The man adjacent to me pleaded to the judge, in broken English, that he doesn’t speak or understand English. I overheard him fifteen minutes earlier, speaking perfect English to another Hispanic man in the lobby. That other Hispanic man shortly followed with the same plea. They were almost immediately dismissed from the jury selection process.
Few people are excited by jury duty — and for good reason. It’s a tedious ordeal that takes people away from their daily routines to instead sit in a courtroom for hours on end. Upon seeing a juror summons letter in the mail, many emotions come to mind, but joy is not one of them.
On their assigned summons date, the summoned person reports to the courthouse and proceeds to a large room where they sign in. From my experience, this room is hellish. It smells of old carpeting and is filled with hundreds of other people who are equally unhappy to be there, The PBS or Animal Planet program being played on the room’s three TVs doesn’t make anything better. After signing in, you get a juror badge and wait for your name to be called over a PA system.
While waiting, you can either read a book you have brought, marvel at the banality of the TV program being played or people-watch and try to pick out who is the least enthusiastic about being there.
On my day of jury service, my name was called after an hour and a half of stagnating in that room. I was selected with 40 other potential jurors to undergo the juror selection process for a criminal case.
Once we were all seated in the courtroom, the judge introduced himself. Aesthetically speaking, he was the epitome of normalcy – brown, short hair with few streaks of white and grey with subtle facial wrinkles. He was in his mid-forties and was very articulate with a slight Southern twang in his speech.
The juror selection process took about two and a half hours of being collectively and individually asked questions by the judge, the prosecution and the defense. They assessed who was able to be a fair and impartial juror out of the 40 in the room. Seven people were eventually selected.
So I sat in a courtroom with 39 of my peers on some of the most uncomfortable pews imaginable. Within the first 15 minutes of selection, seven people claimed they were incapable of understanding English, and four people said they were too openly racist to be impartial in a criminal trial that dealt with a Haitian male.
Yes, that’s right. Some people were either painfully honest with who they were, or, more likely, so eager to get out of jury duty that they were willing to label themselves as racist. I find this embarrassing. I would have rather told the judge that I didn’t speak English in perfect English than claim to be so racist that I couldn’t be fair in judging someone with a different skin color.
On another level, the case at hand was abnormal. It involved a man being accused of committing lewd and lascivious behavior (through public masturbation) in the presence of a minor under the age of 16 years old. Upon hearing this, many potential jurors felt uncomfortable; there went another 10 people, leaving my odds of being selected greater and greater with each passing sentence about masturbation.
Oddly enough, the more I heard about this case the more interesting I found it. It was peculiar. This isn’t to say that I was eager to be selected, but when the moment came between deciding to give the process of jury selection a fair chance, or lying about being uncomfortable and being discharged — I kept silent to give the system a fair chance.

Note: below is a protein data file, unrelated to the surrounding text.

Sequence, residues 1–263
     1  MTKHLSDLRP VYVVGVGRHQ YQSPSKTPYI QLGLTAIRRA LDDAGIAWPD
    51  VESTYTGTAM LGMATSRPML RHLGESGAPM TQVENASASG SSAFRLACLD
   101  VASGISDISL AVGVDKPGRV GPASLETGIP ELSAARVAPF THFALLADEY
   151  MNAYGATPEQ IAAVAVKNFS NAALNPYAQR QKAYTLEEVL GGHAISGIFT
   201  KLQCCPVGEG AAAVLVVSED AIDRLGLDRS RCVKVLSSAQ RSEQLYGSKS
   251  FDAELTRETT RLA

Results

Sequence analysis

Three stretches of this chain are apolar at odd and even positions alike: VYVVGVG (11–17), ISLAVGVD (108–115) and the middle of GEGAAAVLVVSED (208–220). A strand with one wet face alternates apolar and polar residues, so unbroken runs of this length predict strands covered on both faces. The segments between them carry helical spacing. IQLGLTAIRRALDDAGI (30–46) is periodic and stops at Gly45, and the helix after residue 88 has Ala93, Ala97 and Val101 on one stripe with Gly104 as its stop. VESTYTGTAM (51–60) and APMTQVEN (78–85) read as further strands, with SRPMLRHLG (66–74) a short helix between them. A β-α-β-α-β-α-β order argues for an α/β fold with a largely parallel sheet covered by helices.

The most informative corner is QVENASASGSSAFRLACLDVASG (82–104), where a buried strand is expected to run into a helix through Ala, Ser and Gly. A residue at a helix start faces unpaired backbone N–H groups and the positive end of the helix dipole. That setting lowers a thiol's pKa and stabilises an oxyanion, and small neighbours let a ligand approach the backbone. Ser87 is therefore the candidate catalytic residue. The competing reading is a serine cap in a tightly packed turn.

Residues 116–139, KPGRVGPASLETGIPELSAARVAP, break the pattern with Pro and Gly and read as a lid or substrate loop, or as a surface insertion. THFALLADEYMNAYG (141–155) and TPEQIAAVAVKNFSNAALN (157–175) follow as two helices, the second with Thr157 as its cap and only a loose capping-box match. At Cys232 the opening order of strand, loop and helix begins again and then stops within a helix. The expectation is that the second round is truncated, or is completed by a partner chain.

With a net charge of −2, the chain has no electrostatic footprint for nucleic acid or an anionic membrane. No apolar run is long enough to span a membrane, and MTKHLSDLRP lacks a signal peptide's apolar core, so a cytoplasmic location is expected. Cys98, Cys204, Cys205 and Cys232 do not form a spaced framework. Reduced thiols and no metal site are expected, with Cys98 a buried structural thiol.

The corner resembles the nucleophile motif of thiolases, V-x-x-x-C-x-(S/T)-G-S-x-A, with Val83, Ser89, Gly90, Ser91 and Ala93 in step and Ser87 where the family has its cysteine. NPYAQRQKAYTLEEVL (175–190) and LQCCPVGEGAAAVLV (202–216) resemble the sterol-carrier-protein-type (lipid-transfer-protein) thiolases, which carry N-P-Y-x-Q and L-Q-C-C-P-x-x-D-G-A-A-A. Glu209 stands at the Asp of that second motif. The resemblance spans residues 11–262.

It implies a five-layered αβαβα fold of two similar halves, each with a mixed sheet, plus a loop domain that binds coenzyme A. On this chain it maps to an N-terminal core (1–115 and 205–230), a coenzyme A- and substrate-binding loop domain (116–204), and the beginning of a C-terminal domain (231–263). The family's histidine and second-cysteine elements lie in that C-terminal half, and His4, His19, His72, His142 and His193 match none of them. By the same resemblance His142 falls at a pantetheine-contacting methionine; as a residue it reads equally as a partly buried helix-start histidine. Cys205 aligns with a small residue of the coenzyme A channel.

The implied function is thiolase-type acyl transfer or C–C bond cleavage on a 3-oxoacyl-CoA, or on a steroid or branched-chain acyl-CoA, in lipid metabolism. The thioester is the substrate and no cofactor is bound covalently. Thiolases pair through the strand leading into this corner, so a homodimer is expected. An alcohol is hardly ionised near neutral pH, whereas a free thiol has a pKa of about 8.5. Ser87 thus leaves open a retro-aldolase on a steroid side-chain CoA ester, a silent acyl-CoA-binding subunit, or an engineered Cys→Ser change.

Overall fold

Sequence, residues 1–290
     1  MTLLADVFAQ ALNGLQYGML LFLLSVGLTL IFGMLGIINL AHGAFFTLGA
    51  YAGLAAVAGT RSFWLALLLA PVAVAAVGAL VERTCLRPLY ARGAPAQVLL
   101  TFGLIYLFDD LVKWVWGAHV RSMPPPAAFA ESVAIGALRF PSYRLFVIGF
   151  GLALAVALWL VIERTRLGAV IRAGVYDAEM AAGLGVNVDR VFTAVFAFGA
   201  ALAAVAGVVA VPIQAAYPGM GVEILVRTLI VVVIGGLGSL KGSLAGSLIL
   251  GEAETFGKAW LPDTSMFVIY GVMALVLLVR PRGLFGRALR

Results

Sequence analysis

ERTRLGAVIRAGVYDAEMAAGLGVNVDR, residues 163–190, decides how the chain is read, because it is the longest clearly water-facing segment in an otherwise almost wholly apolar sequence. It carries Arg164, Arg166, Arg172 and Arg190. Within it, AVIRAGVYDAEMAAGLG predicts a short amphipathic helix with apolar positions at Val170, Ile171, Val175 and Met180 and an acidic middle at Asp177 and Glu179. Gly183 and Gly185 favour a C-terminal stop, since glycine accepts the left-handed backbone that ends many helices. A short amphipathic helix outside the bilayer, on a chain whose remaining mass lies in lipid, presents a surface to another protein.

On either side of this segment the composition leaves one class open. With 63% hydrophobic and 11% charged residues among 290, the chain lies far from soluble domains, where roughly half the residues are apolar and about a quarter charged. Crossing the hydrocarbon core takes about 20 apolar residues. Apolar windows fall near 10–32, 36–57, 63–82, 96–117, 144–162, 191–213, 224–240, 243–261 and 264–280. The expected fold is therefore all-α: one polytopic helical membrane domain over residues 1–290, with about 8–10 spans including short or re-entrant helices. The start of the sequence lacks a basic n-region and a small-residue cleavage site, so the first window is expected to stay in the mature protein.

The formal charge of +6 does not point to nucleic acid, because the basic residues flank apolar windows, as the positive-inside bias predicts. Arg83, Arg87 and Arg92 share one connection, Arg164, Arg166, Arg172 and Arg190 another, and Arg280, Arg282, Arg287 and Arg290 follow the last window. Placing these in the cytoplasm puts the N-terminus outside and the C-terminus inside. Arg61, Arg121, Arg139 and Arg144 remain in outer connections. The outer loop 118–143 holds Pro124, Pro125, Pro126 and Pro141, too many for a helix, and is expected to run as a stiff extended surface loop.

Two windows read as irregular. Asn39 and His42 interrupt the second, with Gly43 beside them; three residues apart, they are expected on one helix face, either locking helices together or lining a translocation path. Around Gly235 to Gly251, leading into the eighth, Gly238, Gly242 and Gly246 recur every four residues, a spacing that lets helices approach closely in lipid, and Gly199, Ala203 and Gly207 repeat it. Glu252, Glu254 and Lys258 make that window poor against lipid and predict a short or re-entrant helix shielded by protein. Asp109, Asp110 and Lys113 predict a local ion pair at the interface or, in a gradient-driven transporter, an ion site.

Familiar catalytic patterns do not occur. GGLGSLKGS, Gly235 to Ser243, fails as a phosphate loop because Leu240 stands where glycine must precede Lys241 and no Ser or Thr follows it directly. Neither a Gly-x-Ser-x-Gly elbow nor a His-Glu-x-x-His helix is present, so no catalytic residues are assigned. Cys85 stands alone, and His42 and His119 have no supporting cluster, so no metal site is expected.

After a lunch break, I was officially chosen to serve on the trial.
Basing this off rough estimates, the mean age of the jury chosen was about 40 and the range was 21-60. I was the young buck, and stuck out like a giraffe at an elephant convention.
Before one serves on a trial, the judge explains several concepts about how our judicial system works.
The first concept is the presumption of innocence, which means the defendant, in any case, must be presumed innocent until proven guilty.
The second is that the state prosecutors had to meet the state’s burden of proof, meaning that it is the prosecution’s responsibility to provide enough evidence for the defendant to be deemed guilty beyond a reasonable doubt.
The third was the ability to be impartial, which should be self-explanatory.
And the fourth was the defendant’s right to remain silent, meaning that we can not pass judgment of guilt or innocence based on the defendant choosing to remain silent throughout the trial, which he did.
The trial proceeded for the next two days. The jury was barraged with photographic evidence, a wide variety of testimonial evidence and opening and closing arguments by both the defense and the state attorneys.
At the end of the trial, the jury was sent into a back room to conference about the trial and to come up with a unanimous decision of guilty or not guilty. After about half an hour of deliberation we did find the defendant guilty.
Walking out of the courtroom was sweet relief. The word “liberation” had new definition, but it wasn’t the only thought present. Oddly enough, I walked away from that courthouse feeling good about what went on those past couple of days. I did my civic duty that was created by this country’s brilliant forefathers in an attempt to create a fair and just legal system. If I had been the defendant, I would want my case to be heard by a panel of impartial peers. This isn’t saying that the system is 100 percent correct or foolproof, but it is saying that if a time comes when you must depend upon the fairness of the legal system — whether that means being on trial yourself, being a victim of a crime or having a loved one involved with a case — there’s a good chance that fairness will prevail.
And for those three days, I can admittedly say that I was happy to be a cog in a system that served and continues to serve justice.
Email Carl Rosen at firstname.lastname@example.org